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Jens Voigt's final pro bike – complete with 'shut up legs' mantra
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British champion Mark Cavendish leads Polish champion and Omega Pharma-QuickStep teammate Michal Kwiatkowski
Boonen recovering from saddle sore ahead of Eneco Tour
Although Cavendish won two stages at the Tour de France, he was outshone by Marcel Kittel (Argos-Shimano) in the bunch finishes and suffered his first-ever loss on the Champs-Élysées to boot. The six-stage Tour of Denmark is Cavendish’s first competitive outing since, and the race ought to include several bunch finishes.
“Andy Fenn and Mark Cavendish should have a chance to win a stage, as Denmark always ends up in a few bunch sprints,” said Omega Pharma-QuickStep directeur sportif Brian Holm.
Cavendish and Fenn will be joined in the Omega Pharma-QuickStep line-up by Stijn Vandenbergh, Iljo Keisse, Guillaume Van Keirsbulck, Frantisek Rabon, Martin Velits and Julien Vermote.
As ever in Denmark, the threat of crosswinds adds a degree of unpredictability to the race but Cavendish and his Omega Pharma-QuickStep team showed their mastery of such conditions on stage 13 of the Tour de France, when he won the sprint into Saint-Amand-Montrond from an echelon of 14 riders.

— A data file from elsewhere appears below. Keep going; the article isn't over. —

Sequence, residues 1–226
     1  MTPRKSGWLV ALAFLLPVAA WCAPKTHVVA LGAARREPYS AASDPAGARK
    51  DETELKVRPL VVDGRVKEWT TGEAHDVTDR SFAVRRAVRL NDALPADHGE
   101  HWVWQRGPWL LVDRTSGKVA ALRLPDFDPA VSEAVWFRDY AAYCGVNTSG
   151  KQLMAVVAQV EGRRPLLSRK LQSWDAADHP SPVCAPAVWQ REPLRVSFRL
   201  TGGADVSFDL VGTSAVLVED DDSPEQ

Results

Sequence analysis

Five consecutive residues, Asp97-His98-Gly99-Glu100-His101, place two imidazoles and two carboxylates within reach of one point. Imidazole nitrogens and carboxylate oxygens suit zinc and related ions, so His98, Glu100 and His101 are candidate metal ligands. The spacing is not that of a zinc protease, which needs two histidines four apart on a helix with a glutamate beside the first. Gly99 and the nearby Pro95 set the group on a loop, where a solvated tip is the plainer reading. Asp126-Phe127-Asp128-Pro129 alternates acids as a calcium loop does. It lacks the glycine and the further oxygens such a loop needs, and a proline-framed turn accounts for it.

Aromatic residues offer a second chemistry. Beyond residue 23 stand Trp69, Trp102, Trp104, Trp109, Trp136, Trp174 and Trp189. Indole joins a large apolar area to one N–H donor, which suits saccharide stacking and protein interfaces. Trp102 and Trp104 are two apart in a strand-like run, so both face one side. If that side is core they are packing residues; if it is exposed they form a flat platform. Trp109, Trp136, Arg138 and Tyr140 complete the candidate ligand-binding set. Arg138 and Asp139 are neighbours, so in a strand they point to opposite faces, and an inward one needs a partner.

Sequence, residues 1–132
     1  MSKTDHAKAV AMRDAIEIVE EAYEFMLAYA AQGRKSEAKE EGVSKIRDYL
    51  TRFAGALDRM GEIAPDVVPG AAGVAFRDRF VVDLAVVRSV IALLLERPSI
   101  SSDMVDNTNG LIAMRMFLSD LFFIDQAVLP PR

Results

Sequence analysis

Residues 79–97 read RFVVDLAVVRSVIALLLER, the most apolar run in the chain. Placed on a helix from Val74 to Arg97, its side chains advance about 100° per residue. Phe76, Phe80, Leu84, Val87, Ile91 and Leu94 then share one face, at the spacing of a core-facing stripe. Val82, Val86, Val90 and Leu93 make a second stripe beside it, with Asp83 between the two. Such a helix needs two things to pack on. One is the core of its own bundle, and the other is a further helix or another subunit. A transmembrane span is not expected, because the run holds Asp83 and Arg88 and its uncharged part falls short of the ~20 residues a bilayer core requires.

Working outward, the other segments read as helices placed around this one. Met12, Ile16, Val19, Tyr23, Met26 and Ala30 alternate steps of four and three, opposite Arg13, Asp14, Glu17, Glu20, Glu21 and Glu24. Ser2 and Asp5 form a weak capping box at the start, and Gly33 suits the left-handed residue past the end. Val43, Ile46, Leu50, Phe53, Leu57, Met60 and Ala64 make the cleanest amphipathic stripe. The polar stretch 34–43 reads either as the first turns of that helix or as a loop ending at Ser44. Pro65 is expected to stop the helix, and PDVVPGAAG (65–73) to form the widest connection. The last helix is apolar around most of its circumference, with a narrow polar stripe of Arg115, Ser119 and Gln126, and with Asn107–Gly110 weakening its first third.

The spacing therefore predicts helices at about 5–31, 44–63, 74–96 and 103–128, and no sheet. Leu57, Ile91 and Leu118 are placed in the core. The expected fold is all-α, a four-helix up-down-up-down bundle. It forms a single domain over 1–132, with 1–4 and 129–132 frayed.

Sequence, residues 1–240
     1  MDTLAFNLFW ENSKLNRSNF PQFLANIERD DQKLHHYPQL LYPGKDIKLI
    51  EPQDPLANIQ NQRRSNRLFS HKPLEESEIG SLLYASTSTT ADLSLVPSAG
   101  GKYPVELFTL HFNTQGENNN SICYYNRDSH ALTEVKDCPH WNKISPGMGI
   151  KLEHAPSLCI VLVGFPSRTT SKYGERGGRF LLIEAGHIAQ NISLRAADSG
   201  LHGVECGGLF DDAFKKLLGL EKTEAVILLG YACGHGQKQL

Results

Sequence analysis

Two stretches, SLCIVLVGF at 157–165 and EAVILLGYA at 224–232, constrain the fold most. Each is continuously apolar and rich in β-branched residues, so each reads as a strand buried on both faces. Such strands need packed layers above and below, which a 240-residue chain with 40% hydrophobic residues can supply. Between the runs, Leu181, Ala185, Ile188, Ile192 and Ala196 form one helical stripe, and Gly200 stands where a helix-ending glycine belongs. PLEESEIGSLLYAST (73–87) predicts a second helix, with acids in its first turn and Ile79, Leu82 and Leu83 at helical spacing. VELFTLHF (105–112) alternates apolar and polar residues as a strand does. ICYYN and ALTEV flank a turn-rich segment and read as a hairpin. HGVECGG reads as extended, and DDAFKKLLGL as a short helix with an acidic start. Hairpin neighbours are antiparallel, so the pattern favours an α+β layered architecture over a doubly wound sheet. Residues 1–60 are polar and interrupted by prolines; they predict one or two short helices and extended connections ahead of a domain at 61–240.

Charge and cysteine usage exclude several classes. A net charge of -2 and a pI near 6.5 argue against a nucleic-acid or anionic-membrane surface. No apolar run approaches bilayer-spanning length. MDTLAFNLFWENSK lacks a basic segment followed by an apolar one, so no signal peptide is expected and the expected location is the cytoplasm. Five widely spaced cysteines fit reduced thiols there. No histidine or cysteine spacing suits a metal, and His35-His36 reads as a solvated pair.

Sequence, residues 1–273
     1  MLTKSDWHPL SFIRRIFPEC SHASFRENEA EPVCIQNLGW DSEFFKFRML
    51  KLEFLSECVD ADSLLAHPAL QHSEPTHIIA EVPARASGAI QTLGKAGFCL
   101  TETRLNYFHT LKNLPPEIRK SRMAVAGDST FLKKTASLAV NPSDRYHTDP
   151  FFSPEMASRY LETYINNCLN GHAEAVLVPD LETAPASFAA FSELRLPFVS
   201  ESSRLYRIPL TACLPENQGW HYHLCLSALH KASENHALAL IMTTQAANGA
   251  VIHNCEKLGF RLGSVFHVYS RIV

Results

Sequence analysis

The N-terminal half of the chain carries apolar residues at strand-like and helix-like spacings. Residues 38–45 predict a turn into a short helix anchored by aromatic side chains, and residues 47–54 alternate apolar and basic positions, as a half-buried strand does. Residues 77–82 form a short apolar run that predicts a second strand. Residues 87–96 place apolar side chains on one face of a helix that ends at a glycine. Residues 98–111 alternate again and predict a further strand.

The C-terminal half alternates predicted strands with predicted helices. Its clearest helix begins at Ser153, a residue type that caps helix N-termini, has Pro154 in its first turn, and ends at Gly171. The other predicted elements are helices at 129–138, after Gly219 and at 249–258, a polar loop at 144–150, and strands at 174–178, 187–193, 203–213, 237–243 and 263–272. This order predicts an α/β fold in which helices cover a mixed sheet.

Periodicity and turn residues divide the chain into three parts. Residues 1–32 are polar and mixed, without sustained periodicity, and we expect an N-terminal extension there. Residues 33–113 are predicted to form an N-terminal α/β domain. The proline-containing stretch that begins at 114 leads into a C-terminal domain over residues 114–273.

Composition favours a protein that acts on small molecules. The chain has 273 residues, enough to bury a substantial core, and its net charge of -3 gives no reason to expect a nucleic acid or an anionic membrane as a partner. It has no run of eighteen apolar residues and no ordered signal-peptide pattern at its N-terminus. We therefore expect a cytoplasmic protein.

Holm has backed Omega Pharma-QuickStep’s rouleurs Frantisek Rabon and Martin Velits to perform strongly in Saturday’s short time trial in Holbæk but warned that they must be careful not to get caught out in the crosswinds and the short, sharp climb on the preceding day’s stage if they are to make an impact on the general classification.
“You never know what's going to happen with the crosswinds at Denmark so you need to be awake,” Holm said. “Normally, the big battle will be Friday. It's 200km from Sonderborg to Vejle, the longest stage by about 20 kilometres. Then Saturday there is the 12.3km time trial after a 100km road stage.
“I think Frantisek Rabon and Martin Velits have a fair chance to do a good job in the GC. I spoke to them about how they are going to have their chance. But we have to pay attention to the steep little climb on Friday's stage. Normally, there's about 10 riders at the finish if the race doesn't spread out due to the crosswinds.”
Not surprisingly, Holm expects home team Saxo-Tinkoff – whose forcing sparked the decisive echelon when Cavendish won at Saint-Amand-Montrond during the Tour de France – to be very prominent at the Tour of Denmark.
“Saxo-Tinkoff is always very motivated. They're very strong and always creating a good race by pulling in the crosswinds. They're normally the team to beat. But we will do our best with a strong team for good results," Holm said.
As anticipated, Omega Pharma-QuickStep will be without Tom Boonen, who is suffering from a saddle sore. Buoyed by his first official win of the season at the Tour de Wallonie last week (he also won the Heistse Pijl kermesse in June), Boonen will line up at the Eneco Tour, which gets underway on August 12.